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Friday, January 29, 2016


The conservative movement is starting to look a lot like Syria.

Baited, taunted, mocked by Fox News, Donald Trump told Roger Ailes what he could do with his Iowa debate, and marched off to host a Thursday night rally for veterans at the same time in Des Moines.

Message: I speak for the silent majority, Roger, not you, not Megyn Kelly, not Fox News. Diss me, and I will do fine without Fox.

And so the civil-sectarian war on the right widens and deepens.

And two questions arise: Will the conservative movement and Republican Party unite behind Trump if he is the nominee? And will the movement and party come together if Trump is not the nominee?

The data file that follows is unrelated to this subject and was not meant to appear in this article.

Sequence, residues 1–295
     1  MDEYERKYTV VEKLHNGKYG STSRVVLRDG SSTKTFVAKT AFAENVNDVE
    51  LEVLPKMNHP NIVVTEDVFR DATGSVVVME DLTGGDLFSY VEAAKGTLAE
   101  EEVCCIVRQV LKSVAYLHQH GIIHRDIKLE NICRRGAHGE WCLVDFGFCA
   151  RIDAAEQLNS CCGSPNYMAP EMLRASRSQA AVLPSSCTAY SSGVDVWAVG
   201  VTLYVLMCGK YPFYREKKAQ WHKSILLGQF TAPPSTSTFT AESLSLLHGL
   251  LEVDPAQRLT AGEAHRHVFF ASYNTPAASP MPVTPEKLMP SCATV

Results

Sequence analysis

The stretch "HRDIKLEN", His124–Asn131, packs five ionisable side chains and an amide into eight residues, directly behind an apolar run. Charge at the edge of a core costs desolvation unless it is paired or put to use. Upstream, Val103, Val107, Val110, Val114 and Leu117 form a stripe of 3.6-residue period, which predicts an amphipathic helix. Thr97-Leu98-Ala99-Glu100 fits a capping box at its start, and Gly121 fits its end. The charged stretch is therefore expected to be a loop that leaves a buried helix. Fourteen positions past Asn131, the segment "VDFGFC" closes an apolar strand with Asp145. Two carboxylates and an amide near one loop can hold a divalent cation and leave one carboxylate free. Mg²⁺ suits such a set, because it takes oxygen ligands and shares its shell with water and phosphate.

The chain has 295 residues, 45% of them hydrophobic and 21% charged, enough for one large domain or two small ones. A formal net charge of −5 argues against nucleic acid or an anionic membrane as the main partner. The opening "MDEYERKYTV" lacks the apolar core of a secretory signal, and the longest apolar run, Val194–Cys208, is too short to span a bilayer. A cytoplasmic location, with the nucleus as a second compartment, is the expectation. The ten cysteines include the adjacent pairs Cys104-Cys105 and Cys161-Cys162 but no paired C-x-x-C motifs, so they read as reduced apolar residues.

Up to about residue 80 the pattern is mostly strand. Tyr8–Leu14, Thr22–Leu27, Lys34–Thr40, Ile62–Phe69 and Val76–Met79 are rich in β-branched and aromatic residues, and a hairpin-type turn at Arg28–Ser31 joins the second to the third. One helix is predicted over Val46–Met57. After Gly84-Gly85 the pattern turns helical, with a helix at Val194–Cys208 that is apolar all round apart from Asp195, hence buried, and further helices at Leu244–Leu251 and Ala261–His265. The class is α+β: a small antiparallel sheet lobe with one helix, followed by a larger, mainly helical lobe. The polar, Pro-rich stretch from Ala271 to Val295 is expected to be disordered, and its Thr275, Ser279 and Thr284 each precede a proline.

A breakdown of the balance of forces in this civil-sectarian war finds most of the media elite of the right recoiling from Trump, while Trump leads by a huge margin in Middle America.

National Review, Commentary, the Weekly Standard, Wall Street Journal and the conservative and neocon columnists on the op-ed pages at the Washington Post and the New York Times have almost all come out viscerally against Trump.

He, in turn, has trashed several by name. Wounds have been inflicted that will not soon be forgiven or forgotten.

But while columns and magazines appear in print twice weekly, weekly, biweekly and monthly, millions listen to talk radio every hour of every day. And though websites might be updated daily, radio, more than print, is a medium that moves people.


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